Proposed Utah Monument The Latest Flashpoint In Fight Over Western Land
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In southeastern Utah, American Indian tribes are also hoping for help from the federal government. Tribes want the Obama administration to protect a swath of wild lands and archaeological sites by creating a new national monument to be called Bears Ears. Such a monument would span nearly 2 million acres, which concerns some locals and Utah political leaders fighting the designation. From member station KUER in Salt Lake City, Judy Fahys reports.
JUDY FAHYS, BYLINE: The twin buttes called Bears Ears rise beyond the red rock formations of the Valley of the Gods and Utah Cedar Mesa. Local tribes have asked President Obama to declare this unprotected part of San Juan County a national monument.
REGINA LOPEZ-WHITESKUNK: The land cannot be destroyed today for the sake of the almighty dollar.
FAHYS: Regina Lopez-Whiteskunk is a leader of the Ute Mountain Ute Tribe and a co-chair of the Bears Ears Inter-Tribal Coalition.
LOPEZ-WHITESKUNK: We can't stand by and watch the land be killed.
FAHYS: The coalition's trying to convince the president to protect this place before he leaves office. Congress gave that power to presidents in the 1906 Antiquities Act. Utes, Navajos, Zuni and Hopi want to manage the monument together with federal agencies. They want to protect tens of thousands of archaeological sites from being raided and looted. Whiteskunk says it's also important to preserve living traditions, like gathering herbs and firewood.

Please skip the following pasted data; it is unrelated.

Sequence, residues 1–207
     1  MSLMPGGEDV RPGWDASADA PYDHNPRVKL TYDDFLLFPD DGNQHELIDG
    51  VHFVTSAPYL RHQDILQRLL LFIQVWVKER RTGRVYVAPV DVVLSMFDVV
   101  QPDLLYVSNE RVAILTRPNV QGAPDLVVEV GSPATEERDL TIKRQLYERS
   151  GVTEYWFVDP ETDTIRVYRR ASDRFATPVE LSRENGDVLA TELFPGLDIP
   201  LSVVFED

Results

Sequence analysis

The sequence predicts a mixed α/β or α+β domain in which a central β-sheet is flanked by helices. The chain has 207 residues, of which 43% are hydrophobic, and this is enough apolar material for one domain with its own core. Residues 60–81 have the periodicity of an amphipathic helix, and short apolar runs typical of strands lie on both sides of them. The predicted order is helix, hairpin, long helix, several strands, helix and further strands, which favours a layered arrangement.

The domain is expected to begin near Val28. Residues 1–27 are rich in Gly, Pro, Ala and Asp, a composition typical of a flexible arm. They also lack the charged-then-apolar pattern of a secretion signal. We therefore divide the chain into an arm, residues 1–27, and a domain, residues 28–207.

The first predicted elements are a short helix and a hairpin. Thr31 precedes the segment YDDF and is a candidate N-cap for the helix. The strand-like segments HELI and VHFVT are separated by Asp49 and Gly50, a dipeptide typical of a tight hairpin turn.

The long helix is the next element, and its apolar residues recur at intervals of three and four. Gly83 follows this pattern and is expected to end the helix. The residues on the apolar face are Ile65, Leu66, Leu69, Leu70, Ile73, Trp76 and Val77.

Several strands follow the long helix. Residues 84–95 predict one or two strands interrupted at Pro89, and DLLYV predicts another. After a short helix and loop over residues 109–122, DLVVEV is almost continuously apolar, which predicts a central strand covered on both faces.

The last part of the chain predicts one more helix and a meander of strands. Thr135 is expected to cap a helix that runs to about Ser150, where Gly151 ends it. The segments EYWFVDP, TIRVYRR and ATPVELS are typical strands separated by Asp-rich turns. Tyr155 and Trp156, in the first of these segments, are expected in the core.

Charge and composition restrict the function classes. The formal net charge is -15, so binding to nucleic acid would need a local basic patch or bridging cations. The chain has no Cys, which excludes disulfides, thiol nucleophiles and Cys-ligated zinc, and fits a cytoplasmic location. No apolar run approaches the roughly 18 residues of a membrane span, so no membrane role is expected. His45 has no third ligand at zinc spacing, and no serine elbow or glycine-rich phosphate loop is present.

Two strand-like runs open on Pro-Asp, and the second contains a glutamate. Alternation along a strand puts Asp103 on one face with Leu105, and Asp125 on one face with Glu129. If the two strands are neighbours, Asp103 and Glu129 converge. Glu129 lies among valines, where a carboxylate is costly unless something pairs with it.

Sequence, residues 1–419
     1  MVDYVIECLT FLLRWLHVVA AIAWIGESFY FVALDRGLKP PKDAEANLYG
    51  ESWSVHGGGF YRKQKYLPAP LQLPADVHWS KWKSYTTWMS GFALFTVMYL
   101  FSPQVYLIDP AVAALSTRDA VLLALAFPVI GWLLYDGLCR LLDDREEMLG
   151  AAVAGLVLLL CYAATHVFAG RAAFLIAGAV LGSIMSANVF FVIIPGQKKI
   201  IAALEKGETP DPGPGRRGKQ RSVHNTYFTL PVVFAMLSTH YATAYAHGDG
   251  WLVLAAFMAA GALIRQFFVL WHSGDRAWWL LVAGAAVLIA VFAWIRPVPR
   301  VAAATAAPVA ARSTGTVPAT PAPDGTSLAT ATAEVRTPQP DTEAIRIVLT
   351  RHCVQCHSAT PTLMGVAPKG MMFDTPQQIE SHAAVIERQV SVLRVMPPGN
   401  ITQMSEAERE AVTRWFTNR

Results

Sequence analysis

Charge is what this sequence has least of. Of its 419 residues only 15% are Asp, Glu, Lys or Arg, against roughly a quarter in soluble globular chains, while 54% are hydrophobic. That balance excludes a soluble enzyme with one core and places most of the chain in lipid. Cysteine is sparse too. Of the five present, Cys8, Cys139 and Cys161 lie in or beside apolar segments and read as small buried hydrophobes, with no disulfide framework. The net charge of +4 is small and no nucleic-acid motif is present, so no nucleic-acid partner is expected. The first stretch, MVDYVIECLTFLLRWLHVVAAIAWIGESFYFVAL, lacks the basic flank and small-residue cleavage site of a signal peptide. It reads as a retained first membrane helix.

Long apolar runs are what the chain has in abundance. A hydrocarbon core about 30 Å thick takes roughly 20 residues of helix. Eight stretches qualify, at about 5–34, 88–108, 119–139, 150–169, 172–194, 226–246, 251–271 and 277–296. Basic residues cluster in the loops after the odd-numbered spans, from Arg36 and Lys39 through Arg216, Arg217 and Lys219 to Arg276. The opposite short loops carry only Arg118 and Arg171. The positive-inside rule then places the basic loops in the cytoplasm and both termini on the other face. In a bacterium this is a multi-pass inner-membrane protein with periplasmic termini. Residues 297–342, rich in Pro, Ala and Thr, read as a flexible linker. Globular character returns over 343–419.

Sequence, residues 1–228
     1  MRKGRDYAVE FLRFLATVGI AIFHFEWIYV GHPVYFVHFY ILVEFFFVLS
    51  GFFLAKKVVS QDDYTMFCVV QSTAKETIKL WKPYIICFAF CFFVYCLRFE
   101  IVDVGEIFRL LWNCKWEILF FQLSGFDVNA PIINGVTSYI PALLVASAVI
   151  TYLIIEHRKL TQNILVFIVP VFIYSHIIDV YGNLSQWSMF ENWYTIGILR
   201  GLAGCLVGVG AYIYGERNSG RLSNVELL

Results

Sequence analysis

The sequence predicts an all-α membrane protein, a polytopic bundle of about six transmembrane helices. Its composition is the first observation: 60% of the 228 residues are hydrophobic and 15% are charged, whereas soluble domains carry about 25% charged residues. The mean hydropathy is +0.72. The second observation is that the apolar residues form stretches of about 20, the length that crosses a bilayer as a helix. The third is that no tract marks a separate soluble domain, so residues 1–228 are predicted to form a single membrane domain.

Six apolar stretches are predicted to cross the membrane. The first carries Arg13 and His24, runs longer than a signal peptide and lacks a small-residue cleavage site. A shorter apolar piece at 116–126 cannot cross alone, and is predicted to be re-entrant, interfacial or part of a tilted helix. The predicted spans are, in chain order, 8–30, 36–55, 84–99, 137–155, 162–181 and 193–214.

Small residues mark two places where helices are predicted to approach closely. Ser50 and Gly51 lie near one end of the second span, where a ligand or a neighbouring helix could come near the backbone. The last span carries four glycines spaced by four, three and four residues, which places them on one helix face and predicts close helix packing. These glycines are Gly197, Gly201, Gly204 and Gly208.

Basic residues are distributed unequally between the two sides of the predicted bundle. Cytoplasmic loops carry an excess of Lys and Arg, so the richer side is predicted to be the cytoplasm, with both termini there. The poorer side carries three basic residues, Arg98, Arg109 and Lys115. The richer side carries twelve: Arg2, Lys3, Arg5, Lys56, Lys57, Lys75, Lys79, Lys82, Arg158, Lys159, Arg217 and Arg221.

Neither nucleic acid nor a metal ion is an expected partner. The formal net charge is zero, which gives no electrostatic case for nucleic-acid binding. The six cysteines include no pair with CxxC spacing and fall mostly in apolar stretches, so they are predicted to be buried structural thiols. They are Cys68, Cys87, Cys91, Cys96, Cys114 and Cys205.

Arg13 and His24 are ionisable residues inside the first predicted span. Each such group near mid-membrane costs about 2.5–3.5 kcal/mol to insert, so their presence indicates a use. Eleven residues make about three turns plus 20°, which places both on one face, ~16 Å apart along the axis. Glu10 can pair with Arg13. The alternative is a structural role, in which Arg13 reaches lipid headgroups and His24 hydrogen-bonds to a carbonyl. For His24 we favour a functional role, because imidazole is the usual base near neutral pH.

LOPEZ-WHITESKUNK: I am the voice of the air, the water, the land, the animals. I have to be this voice for all of this because who else will be?
FAHYS: But opponents say a national monument would make it harder to use the land. Some cast it as another battle in the war over public lands in the West. Utah's Republican political leaders have been petitioning Obama to scrap the monument idea. State lawmakers have voted against it. San Juan County Commissioner Bruce Adams says a monument would go too far.
BRUCE ADAMS: There is just a large amount of turmoil going on in the county.
FAHYS: Adams and the local stakeholders he represents want to preserve economic traditions, too, like mining and ranching. They propose something different - protecting archaeological sites in a national conservation area that Congress would enact.
ADAMS: That's the proposal that we have been backing from day one.
FAHYS: The legislation would protect less acreage. It also could take a long time, and that worries Josh Ewing.
JOSH EWING: This is not a debatable thing. There are verifiable facts here.
FAHYS: Ewing leads the conservation group Friends of Cedar Mesa. He calls the archaeology around Bears Ears world class, but looters keep pillaging cliff dwellings, and vandals continue wrecking rock art. Ewing says that's why this place needs to be protected now.
EWING: This area is legitimately being damaged on a regular basis, in recent times, and we all should care about that instead of trying to sweep it under the rug.
FAHYS: Ewing doubts a gridlock Congress could act soon enough. But President Obama could guarantee protection immediately by declaring it a monument.
JONAH YELLOWMAN: (Speaking Navajo).
FAHYS: That's what Navajo Jonah Yellowman is hoping for this sacred place. He's standing between the Bears Ears buttes admiring the view.
YELLOWMAN: Wow. There's a great leader right there.
FAHYS: He sees a red-tail hawk, then another. They cruise above the Ponderosa pines.
YELLOWMAN: They tell us that this a good sign, and our ancestors, our loved ones, you know, they look after us.
FAHYS: The Obama administration is coming to Utah for a listening session later this month. And people here are talking about Bears Ears. For NPR News, I'm Judy Fahys on Cedar Mesa in southeastern Utah.
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